To have a realistic shot of a series-sweeping victory on Sunday afternoon at Progressive Field, the Red Sox were going to need six innings or more from Tanner Houck or an explosion from the offense.
They got neither in a 7-5 loss that put them eight games back in the American League East heading into a four-game series at Tropicana Field that starts on Monday.
Houck started fast with 5 1/3 no-hit innings, but hit a wall in the sixth. Manager Alex Cora had been open about the fact that his bullpen was depleted coming into this game, and that several members of the high-leverage crew were going to be rested.
This was why it hurt when Houck (0-3, 3.98 ERA in nine starts) couldn’t turn in his first six-inning performance of the season.
“Today was going to be a tough one as far as the bullpen, trying to survive in a sense. That’s why we were so aggressive yesterday with a few guys, and we ended up pulling that off,” said Cora. “But today, it had to be perfect, and it wasn’t.”
The offense produced in spurts (two solo homers from Rafael Devers, one from Bobby Dalbec), but never scored more than once in an inning.
Staked to a 4-0 lead, Houck hoped to get the Sox through the sixth. But the righty’s early fortunes quickly turned into misfortunes. He gave up a homer to José Ramírez and then hit two straight batters.
Ramírez is a star, so Houck was able to shake off that misfire. What bothered him most was hitting Franmil Reyes and Bradley Zimmer back-to-back on 0-2 pitches.
“It’s just a matter of learning from it and going back and looking at some video, and just continuing to move on,” Houck said.
Lefty Josh Taylor tried to rescue Houck and got off to a good start by inducing a groundout from Bobby Bradley for the second out of the inning. But Wilson Ramos then came up with a two-run single, and it was suddenly a one-run game.
“We had Wilson in an 0-2 count and didn’t execute a pitch, and they got back in the game,” Cora said.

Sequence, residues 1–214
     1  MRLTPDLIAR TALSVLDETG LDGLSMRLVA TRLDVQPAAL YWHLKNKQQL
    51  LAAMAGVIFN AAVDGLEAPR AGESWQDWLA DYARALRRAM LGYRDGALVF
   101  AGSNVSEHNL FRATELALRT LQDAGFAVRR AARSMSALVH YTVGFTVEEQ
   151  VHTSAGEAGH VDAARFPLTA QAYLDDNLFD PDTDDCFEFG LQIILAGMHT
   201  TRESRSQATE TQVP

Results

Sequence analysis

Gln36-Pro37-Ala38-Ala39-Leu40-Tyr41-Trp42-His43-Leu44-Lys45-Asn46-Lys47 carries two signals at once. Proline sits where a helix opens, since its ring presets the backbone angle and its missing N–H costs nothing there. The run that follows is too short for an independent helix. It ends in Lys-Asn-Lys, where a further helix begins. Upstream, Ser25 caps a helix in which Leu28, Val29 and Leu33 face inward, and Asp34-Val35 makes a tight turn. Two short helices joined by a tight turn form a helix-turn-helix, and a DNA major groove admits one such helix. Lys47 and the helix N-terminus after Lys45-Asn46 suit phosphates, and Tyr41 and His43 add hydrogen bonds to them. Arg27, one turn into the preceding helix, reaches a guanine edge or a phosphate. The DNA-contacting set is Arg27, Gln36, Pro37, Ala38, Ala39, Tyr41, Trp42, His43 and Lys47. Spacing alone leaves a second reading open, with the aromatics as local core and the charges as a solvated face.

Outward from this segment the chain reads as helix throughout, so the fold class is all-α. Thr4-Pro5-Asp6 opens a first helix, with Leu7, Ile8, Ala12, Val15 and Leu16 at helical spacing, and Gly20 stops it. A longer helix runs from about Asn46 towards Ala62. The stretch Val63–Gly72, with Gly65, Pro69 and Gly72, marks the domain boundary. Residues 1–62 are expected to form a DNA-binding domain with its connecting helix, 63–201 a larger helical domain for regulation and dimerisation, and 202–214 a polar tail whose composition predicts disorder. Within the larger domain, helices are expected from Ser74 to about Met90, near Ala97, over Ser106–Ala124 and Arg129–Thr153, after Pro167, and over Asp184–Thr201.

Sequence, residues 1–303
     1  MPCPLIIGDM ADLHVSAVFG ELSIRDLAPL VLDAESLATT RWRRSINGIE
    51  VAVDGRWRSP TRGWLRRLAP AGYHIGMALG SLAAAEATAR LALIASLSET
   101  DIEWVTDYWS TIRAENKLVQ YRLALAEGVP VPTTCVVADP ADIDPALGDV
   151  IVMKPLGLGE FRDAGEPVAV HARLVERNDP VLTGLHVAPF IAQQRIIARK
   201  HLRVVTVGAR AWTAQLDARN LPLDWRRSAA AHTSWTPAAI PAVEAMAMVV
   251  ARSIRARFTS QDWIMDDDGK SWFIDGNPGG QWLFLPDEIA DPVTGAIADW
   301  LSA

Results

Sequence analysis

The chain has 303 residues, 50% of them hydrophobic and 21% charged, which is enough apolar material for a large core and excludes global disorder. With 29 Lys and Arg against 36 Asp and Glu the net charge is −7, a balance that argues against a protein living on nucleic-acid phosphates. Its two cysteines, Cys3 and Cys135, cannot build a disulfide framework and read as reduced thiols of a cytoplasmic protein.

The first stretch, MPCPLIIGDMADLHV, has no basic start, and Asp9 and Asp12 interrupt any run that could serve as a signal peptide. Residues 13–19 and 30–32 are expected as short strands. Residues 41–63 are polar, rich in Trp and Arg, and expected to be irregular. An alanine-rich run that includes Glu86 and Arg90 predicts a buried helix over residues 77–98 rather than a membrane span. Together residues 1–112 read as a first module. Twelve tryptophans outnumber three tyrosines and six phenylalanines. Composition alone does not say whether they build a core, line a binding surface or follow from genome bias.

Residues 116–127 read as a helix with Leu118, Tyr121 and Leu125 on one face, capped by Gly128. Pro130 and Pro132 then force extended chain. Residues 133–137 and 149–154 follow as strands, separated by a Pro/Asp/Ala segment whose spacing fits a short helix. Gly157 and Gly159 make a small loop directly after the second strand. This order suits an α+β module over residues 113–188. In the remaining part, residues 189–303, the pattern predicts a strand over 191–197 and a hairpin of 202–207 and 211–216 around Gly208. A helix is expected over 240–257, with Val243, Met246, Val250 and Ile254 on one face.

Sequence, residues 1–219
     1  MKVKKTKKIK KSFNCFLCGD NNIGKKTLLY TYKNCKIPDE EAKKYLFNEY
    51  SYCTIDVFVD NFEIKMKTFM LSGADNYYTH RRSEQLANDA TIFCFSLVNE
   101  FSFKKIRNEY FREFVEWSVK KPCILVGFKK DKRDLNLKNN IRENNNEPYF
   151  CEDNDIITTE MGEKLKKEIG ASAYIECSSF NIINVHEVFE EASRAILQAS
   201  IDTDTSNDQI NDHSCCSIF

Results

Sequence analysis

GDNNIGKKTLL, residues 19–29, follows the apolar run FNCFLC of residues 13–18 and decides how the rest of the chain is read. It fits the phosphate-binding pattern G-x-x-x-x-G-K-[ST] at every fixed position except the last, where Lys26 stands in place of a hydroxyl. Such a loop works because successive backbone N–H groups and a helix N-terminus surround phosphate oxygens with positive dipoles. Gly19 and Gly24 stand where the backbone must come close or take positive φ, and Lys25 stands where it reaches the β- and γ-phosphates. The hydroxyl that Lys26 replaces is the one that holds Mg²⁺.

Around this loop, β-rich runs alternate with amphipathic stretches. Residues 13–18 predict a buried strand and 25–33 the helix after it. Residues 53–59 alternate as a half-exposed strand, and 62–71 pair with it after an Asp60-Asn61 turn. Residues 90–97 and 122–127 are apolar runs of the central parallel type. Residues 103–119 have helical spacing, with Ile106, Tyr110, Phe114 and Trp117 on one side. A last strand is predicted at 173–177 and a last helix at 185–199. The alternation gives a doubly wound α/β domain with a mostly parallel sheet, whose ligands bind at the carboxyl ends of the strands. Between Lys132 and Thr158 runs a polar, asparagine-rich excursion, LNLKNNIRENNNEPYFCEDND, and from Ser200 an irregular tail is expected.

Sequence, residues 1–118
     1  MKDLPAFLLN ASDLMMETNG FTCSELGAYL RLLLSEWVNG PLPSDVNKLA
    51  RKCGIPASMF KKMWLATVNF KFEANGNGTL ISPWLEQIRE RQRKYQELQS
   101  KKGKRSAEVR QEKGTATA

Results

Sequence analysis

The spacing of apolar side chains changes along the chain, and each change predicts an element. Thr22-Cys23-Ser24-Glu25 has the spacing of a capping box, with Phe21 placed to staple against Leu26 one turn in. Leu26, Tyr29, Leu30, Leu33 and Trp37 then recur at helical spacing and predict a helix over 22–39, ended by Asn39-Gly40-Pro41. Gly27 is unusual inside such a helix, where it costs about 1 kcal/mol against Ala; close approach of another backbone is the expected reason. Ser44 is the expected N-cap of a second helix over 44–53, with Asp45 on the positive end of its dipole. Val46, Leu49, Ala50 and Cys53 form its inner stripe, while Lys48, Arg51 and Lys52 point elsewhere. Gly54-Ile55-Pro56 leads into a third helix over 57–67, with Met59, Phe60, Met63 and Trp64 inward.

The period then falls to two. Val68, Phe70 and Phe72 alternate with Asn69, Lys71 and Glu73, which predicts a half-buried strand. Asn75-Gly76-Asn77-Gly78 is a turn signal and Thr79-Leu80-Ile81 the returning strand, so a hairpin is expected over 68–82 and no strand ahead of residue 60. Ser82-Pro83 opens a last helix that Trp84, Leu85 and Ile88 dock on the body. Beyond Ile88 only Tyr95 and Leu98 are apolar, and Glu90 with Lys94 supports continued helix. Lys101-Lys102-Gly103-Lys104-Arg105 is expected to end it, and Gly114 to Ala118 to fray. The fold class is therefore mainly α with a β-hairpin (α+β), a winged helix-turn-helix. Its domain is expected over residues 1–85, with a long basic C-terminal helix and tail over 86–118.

Even when Devers blasted his second homer of the game -- No. 32 of the season -- in the seventh to make it a 5-3 game, it proved not to be enough.
The loss of the lead wasn’t entirely on the bullpen. There was a fly ball to deep left by Ramírez in the seventh that Kyle Schwarber probably should have caught. Instead, it landed on the warning track for an RBI double.
“Not a bad jump,” Cora said. “I think he hesitated at the end with the wall. I’ve got to see it again, but that’s the way it looked on the replay up there.”
In the eighth, with the game tied, Yu Chang hit a double down the line in left, and the Red Sox thought they had cut down Oscar Mercado at the plate. But Sox second baseman Yairo Muñoz was called for interference with Mercado on the basepaths in what proved to be the game-deciding play.
“It's always a difficult thing,” said Devers. “Obviously we want to go out and do our best to win the game. They did a great job. They battled, so did we, we never gave up. They ended up on top at the end of the game. Yeah, it's tough to lose those kind of games.”
It was a tough way to lose, but with 30 games left in their season, the Red Sox couldn’t do much but shake it off and hope for a strong series against the Rays.
Though their odds are long at winning the division, the Red Sox are right in the thick of the AL Wild Card race, currently in possession of the second AL Wild Card spot.
While a sweep would have been sweet, the Red Sox can at least take heart in the fact that they’ve won three straight series after losing five of the previous six.
“I think this team can recover better than anyone,” said Houck. “We went on a little bit of a rough patch there for a little bit, but like I continue to say, it’s about learning from those losses, and you learn from losses typically more than you learn from wins. So I think that this team is built for adversity and to grow, and I’m excited to see how we continue to grow.”